• Visiting Associate Professor, Department of History of Science, Harvard University (Spring 1993)
  • Visiting Professor, Program in History of Science, Stanford University (Winter 1992)
  • Assistant Professor, Department of History, University of California, Los Angeles (1989-1992)
  • Lecturer, Department of History, University of California, Los Angeles (1988-1989)

Selected Publications

Making and Unmaking Intellectual Property, edited volume (with Martha Woodmansee and Peter Jaszi), (Chicago: University of Chicago Press, 2011).

Nature Engaged, edited volume (with Jessica Riskin), (New York: Palgrave-MacMillan Publishers, 2012).

Galileo’s Instruments of Credit: Telescopes, Images, Secrecy, (Chicago: University of Chicago Press, 2006)

Scientific Authorship: Credit and Intellectual Property in Science, edited volume, with Peter Galison, (New York: Routledge, 2003).

The Science Studies Reader, edited volume (New York: Routledge, 1999).

Galileo, Courtier, (Chicago: University of Chicago Press, 1993; paperback 1994); Galilei, Hoffling, (Frankfurt: Fischer Verlag, 1999) (German translation); Galileu Cortesao (Porto: Porto Editora, 2003) (Portuguese translation); Galileo, Courtier (Athens: Katoptro Publications, 2006) (Greek translation); Galileo Cortesan (Madrid: Katz Editores, 2008) (Spanish translation)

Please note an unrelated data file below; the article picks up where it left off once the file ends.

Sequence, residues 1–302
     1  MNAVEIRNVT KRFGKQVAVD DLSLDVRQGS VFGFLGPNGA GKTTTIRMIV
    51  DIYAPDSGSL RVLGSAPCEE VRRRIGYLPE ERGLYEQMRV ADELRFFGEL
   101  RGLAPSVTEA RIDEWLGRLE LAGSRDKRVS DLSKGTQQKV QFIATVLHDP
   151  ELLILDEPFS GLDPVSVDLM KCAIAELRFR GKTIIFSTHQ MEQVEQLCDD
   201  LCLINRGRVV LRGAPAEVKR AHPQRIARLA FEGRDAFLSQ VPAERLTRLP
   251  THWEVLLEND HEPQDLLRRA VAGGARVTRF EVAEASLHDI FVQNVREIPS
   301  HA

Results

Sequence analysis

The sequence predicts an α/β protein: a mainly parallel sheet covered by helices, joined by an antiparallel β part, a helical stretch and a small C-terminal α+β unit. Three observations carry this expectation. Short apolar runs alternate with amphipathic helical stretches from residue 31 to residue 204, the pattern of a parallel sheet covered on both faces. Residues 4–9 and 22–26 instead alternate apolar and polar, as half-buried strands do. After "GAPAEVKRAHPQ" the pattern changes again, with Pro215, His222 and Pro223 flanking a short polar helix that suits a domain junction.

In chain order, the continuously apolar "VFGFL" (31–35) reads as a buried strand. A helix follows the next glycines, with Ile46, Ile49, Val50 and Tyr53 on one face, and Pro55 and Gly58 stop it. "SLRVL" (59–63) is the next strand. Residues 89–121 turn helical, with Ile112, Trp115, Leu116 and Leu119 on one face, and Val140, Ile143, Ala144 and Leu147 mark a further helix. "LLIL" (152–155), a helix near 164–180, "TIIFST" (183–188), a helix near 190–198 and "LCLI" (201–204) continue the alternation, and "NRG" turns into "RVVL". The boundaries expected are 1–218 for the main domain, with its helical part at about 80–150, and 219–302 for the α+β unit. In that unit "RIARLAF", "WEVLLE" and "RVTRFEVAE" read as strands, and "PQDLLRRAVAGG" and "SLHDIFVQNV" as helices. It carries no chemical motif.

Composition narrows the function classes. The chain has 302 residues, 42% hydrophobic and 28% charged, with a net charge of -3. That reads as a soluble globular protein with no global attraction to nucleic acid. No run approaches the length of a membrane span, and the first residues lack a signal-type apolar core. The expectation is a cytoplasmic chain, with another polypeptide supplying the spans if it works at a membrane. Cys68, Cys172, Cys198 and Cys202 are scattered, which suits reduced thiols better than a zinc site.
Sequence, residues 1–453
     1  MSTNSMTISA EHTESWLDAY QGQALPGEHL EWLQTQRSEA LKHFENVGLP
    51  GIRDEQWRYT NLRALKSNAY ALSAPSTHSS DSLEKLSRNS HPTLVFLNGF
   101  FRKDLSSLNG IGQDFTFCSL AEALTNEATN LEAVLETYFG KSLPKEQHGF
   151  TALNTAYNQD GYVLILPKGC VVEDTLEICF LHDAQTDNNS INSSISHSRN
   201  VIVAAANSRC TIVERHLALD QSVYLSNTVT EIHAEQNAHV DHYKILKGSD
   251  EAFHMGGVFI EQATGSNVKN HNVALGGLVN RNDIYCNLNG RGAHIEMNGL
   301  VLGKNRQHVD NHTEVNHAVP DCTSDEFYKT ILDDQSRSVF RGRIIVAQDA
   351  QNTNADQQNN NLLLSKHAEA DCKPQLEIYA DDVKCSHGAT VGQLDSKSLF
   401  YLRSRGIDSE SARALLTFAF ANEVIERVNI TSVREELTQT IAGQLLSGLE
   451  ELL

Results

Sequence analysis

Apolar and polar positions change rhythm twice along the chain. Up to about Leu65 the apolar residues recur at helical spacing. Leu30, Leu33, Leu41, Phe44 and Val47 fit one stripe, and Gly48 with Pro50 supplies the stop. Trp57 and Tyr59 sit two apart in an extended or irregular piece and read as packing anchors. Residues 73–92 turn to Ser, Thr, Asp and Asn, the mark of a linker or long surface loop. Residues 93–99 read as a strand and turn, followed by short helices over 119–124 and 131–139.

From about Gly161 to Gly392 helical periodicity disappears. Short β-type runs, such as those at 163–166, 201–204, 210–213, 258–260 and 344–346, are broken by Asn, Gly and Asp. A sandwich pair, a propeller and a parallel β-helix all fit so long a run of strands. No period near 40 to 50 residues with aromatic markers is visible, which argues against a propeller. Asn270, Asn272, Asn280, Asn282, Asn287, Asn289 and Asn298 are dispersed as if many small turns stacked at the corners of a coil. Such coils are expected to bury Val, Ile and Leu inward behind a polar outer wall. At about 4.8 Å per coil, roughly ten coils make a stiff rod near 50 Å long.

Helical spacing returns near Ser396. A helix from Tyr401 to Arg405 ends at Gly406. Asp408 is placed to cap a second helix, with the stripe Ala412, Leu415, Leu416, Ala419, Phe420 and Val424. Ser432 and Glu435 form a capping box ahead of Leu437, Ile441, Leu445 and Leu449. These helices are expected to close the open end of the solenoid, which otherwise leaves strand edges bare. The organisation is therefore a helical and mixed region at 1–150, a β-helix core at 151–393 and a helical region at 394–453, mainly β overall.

"Recycling Texts or Stealing Time?: Plagiarism, Authorship, and Credit in Science", International Journal of Cultural Property, 19: 453-476 (2012).

"Between Knowledge and Technology: Patenting Methods, Rethinking Materiality", Anthropological Forum, 22: 285-300 (2012).

"Productive Illusions: Kuhn's Structure as a Recruitment Tool", Historical Studies in the Natural Sciences, 42: 479-484 (2012).

"From Ciphers to Confidentiality: Secrecy, Openness and Priority in Science", British Journal for the History of Science, 45: 213-233 (2012).

"Witnessing Astronomy: Kepler on the Uses and Misuses of Testimony", in Biagioli and Riskin (eds.), Nature Engaged (New York: Palgrave), pp. 103-123 (2012).

"Genius Against Copyright: Revisiting Fichte's Proof of the Illegality of Reprinting", Notre Dame Law Review 86: 1847-67 (2011).

"Did Galileo Copy the Telescope?" , Albert Van Helden et al. (eds.), The Origins of the Telescope (Amsterdam: Royal Netherlands Academy of Arts and Sciences Press, pp. 203-230, 2010).

Post-Disciplinary Liaisons: Science Studies and the Humanities", Critical inquiry 35: 816-833 (2009).

"Nature and the Commons: The Vegetable Roots of Intellectual Property", in Living Properties: Making Properties and Controlling Ownership in the History of Biology (Ed.) Jean-Paul Gaudilliere, Daniel J. Keyles, Hans-Jorg Rheinberger, Max Planck Institute for the History of Science Preprint 382 pp. 241-250 (2009).

"Bringing Peer Review to Patents", First Monday 12 (6) Special issue on "Cyberinfrastructure for Collaboration and Innovation" (2007).

"Patent Republic: Specifying inventions, Constructing Authors and Rights", Social Research 73: 1129-1172 (2006).

"From Print to Patents: Living on Instruments in Early Modern Europe, 1500-1800", History of Science 44:139-86 (2006).